On Monday, it was reported that 40 percent of Chinese movie theaters could close permanently due to the coronavirus pandemic and that the country’s box office could slip as much as 66 percent. Today, it looks as if American movie theaters are in a similarly compromised position. Domestic exhibitors shuttered their doors in mid-March due to the COVID-19 outbreak, putting the U.S. box office on pace for its worst year in a quarter century. Updated projections paint an even uglier picture for the film industry’s financial forecast.
The U.S. box office could fall by 52 percent from $11.4 billion in 2019 to $5.5 billion in 2020, according to a new prediction from research company MoffettNathanson (per Variety). What’s particularly troubling about this projection is that it’s based on cinemas reopening in July for a late summer blockbuster season that includes Christopher Nolan’s Tenet (July 17), Disney’s Mulan (July 24), and Warner Bros.’ Wonder Woman 1984 (August 15). As of now, major exhibitors such as AMC, Regal and Cinemark remain closed while key markets such as New York, Los Angeles, San Francisco and Chicago have not made any official commitments to reopening in July. Last week, it was reported that San Francisco was targeting an August reopening.
Should these densely populated cities not be ready to relaunch movie theaters in time, there’s little doubt that the respective studios would delay the films yet again, further hurting 2020 ticket sales. Box office experts have remained skeptical about the $200 million budgeted Tenet‘s ability to turn a profit for WB in its current release slate. However, under the right conditions, some health experts believe movie theaters may not be as dangerous regarding the spread of COVID-19 as previously believed.
“In a setting where we’re not talking, we’re just passively breathing and wearing masks, it might be a safer bet than a noisy, crowded bar,” Jade Flinn, a faculty member at Johns Hopkins Medicine who trains nurses at its biocontainment unit, told Quartz. “At movie theaters, if you’re not eating popcorn, you’re just sitting there with your mask on.”
Hitoshi Oshitani, a virologist at Tohoku University, told Science magazine that the most significant carrier locations in Japan were “gyms, pubs, live music venues, karaoke rooms, and similar establishments where people gather, eat and drink, chat, sing, and work out or dance, rubbing shoulders for relatively extended periods of time.” Whether or not these scientific suggestions hold any weight with the moviegoing public remains to be seen.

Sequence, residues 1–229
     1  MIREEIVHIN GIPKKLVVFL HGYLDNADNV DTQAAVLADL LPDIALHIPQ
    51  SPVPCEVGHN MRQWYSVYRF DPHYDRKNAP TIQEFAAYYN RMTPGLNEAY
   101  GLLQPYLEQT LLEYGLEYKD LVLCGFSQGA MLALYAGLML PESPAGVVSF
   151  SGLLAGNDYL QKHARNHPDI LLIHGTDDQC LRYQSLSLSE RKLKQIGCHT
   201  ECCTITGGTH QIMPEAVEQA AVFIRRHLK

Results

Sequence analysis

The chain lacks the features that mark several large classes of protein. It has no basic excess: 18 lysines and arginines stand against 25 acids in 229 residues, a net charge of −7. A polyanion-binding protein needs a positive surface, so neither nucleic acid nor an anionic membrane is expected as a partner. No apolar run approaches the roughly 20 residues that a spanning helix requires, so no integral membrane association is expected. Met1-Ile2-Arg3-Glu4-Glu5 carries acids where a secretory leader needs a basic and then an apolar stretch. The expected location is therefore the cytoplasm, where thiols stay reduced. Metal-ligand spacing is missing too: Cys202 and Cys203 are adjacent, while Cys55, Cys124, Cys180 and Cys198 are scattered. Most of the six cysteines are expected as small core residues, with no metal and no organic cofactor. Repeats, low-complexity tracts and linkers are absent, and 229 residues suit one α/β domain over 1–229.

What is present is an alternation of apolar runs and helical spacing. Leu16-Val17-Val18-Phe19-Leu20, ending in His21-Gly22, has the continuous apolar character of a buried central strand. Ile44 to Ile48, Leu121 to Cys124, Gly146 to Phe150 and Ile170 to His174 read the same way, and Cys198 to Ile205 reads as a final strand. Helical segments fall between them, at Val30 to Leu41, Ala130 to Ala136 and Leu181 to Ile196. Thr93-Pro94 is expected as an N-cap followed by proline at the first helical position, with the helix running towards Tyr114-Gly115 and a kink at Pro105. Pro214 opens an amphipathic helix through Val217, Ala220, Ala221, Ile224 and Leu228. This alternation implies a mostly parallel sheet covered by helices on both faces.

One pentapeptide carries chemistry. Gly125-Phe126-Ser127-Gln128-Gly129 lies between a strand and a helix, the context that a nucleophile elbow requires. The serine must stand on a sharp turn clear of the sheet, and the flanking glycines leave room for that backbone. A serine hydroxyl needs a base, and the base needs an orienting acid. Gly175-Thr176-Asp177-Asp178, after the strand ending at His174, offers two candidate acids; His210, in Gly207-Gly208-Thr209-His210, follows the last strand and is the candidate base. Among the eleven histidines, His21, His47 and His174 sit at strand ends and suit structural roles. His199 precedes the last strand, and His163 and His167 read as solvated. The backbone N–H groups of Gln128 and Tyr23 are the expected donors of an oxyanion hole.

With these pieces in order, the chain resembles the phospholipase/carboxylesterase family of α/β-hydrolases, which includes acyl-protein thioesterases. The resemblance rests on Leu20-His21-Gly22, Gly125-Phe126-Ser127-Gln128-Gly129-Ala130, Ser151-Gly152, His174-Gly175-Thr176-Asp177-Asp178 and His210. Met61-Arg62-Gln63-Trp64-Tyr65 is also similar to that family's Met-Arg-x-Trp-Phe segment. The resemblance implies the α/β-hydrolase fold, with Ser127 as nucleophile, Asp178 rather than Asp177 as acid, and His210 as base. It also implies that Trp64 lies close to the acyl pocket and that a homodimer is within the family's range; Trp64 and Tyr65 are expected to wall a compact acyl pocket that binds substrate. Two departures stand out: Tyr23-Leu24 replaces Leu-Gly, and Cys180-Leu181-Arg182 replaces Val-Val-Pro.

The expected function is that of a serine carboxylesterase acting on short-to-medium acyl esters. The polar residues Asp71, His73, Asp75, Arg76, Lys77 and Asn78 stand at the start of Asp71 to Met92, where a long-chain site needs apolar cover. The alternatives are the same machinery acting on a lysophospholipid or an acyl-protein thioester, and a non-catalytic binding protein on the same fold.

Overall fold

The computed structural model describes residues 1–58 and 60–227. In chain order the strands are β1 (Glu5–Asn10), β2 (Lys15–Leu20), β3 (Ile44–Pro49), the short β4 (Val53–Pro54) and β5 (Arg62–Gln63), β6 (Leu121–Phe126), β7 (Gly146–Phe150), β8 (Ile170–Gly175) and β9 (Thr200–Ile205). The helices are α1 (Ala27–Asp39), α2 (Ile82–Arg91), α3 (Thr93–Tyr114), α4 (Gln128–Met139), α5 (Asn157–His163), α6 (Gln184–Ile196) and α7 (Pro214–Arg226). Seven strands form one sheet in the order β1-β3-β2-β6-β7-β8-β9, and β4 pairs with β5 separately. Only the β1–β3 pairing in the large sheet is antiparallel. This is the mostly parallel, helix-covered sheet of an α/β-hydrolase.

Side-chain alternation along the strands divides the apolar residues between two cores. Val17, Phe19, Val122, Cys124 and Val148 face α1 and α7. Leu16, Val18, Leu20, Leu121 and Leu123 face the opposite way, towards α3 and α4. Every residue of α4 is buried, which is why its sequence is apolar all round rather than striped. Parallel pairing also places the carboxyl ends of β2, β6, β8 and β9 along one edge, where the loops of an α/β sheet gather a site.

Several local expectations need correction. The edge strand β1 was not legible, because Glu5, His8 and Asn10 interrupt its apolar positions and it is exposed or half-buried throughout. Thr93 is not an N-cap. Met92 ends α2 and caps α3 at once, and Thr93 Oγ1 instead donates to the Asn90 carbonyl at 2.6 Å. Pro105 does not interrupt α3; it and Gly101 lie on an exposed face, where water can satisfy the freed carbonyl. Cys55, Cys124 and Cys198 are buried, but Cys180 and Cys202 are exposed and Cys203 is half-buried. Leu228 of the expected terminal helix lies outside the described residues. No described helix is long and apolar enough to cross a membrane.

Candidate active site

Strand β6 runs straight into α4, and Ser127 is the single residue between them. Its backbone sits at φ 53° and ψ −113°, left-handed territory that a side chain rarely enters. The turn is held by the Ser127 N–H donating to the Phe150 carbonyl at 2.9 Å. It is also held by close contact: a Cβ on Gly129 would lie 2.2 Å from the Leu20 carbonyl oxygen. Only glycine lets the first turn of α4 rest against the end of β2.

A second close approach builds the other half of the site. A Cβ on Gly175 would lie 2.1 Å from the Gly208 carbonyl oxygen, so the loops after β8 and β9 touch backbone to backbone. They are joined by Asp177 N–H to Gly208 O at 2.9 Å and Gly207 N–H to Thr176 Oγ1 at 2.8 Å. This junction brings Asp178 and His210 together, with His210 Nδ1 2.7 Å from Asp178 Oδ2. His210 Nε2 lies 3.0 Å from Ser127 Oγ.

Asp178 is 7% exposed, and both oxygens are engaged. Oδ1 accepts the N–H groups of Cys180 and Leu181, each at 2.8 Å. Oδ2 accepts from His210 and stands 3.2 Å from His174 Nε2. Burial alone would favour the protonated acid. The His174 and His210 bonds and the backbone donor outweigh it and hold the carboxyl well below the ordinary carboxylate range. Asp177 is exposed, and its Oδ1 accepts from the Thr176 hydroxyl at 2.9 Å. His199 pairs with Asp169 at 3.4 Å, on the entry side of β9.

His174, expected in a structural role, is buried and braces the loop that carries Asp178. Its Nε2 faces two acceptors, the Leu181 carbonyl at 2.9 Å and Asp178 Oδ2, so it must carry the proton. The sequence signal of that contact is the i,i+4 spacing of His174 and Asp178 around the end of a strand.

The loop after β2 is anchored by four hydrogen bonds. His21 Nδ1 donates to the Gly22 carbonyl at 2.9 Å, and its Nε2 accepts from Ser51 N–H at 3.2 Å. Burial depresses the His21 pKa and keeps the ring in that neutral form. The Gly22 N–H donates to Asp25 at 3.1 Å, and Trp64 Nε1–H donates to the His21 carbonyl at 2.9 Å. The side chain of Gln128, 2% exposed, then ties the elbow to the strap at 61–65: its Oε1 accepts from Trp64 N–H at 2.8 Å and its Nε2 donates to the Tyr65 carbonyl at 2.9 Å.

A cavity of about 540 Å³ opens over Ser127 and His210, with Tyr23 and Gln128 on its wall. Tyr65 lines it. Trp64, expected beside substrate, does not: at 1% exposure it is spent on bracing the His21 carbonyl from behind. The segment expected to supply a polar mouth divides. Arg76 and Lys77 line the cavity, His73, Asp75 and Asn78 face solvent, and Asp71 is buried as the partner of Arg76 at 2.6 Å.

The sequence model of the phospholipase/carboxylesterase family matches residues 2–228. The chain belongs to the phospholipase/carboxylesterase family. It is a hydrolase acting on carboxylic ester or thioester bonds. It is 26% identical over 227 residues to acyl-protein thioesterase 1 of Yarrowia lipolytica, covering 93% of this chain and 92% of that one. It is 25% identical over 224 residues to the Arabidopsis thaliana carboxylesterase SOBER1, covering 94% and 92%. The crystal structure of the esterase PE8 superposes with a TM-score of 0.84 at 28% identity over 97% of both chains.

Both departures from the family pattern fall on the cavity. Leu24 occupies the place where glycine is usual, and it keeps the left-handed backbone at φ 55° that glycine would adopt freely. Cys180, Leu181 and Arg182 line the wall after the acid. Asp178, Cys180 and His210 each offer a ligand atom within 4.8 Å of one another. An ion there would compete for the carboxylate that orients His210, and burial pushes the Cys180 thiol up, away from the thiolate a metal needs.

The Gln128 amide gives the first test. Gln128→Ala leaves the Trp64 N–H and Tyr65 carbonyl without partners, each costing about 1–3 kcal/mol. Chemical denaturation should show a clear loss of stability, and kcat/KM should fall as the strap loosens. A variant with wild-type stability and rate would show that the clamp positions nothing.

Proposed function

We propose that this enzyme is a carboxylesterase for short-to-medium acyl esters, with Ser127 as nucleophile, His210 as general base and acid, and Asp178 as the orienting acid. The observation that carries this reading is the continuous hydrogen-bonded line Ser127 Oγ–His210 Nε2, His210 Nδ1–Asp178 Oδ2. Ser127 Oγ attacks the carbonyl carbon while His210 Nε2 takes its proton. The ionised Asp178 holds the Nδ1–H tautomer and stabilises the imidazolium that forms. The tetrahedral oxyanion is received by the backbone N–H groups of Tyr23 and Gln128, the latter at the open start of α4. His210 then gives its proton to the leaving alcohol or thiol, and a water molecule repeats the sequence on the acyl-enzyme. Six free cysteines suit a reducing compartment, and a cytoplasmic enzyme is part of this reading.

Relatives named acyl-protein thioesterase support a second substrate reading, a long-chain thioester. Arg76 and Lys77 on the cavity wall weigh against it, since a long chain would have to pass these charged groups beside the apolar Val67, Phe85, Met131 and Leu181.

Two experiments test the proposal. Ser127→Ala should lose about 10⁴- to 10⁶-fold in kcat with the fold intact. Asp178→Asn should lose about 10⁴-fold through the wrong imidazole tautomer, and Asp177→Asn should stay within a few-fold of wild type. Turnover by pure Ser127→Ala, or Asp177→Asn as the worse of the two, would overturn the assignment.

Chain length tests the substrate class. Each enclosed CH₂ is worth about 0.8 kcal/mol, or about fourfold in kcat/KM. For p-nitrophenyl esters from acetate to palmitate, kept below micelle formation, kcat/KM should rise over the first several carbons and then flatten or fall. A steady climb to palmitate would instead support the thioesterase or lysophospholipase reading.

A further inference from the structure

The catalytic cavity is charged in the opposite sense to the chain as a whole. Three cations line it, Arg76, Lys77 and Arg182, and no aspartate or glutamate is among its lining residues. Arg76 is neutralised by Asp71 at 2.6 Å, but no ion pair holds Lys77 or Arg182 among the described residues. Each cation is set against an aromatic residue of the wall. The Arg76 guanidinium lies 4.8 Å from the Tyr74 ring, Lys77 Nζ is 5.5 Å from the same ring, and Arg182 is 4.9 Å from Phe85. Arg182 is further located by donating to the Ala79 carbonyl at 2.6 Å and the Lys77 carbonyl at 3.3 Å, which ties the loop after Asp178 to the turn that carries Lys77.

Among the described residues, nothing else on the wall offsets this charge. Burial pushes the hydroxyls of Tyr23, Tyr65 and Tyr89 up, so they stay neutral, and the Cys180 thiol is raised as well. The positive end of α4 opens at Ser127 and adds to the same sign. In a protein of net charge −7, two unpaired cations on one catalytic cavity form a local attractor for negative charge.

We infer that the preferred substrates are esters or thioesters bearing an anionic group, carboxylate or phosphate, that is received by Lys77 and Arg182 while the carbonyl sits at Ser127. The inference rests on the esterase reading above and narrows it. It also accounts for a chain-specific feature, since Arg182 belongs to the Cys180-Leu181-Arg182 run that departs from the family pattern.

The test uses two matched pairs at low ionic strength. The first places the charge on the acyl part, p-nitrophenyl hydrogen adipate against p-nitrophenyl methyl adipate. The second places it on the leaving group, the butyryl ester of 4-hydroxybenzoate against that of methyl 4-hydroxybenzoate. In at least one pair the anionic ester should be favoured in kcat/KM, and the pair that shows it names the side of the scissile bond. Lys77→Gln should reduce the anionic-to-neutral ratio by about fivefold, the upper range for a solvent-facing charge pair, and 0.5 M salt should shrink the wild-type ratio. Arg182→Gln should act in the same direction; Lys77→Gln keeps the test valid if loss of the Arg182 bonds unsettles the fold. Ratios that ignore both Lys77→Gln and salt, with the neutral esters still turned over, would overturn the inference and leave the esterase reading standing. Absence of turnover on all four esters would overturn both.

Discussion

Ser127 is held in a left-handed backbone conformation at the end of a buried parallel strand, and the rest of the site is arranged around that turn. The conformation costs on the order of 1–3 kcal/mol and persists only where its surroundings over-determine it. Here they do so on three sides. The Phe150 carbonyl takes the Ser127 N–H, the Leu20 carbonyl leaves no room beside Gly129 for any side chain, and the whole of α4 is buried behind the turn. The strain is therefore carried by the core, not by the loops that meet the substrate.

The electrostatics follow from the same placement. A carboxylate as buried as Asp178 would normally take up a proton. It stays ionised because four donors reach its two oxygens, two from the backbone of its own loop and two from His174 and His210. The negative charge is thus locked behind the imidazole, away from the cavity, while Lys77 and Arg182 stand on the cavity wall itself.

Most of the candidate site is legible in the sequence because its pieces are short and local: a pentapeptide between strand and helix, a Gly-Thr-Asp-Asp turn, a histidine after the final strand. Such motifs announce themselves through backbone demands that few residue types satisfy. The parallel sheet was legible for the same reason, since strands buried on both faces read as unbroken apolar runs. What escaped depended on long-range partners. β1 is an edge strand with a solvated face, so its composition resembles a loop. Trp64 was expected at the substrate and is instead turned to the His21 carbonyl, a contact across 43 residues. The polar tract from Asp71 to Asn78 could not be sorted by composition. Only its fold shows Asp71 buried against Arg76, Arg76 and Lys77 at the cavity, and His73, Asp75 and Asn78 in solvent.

In lieu of theatrical releases, certain pictures such as Universal’s Trolls World Tour and Paramount’s rom-com The Lovebirds have been rerouted to PVOD and Netflix, respectively. Once theaters closed in March, Disney hustled to get its latest Pixar blockbusters Onward onto Disney+. Studios have long sought to shrink the window between a film’s release and its arrival on at-home platforms while theatrical exhibitors have vehemently fought against it. We may look back at this quarantine as the time of great transition when direct-to-consumer business leapfrogged traditional and linear releases as the primary method of entertainment delivery.
“In the past, exhibitors have been able to stand their ground; however, we again think this time is different in that all of the major studios (including now Disney for certain movies) are likely to be more aggressive with windowing strategies,” the note reads, per Variety “As long as multiple studios push forward with PVOD or some other form of window changes, the balance of power in favor of studios shifts even more in their favor and reduces the leverage the exhibitors have as they would be unlikely to boycott multiple studios’ upcoming releases.”
While MoffettNathanson projects “a significant bounce back” in 2021 to $9.7 billion, that would still mark the lowest U.S. total since 2008. Given the worldwide production shutdown forced by the coronavirus, it’s no guarantee that the 2021 release slate will have enough blockbuster titles to even meet that number.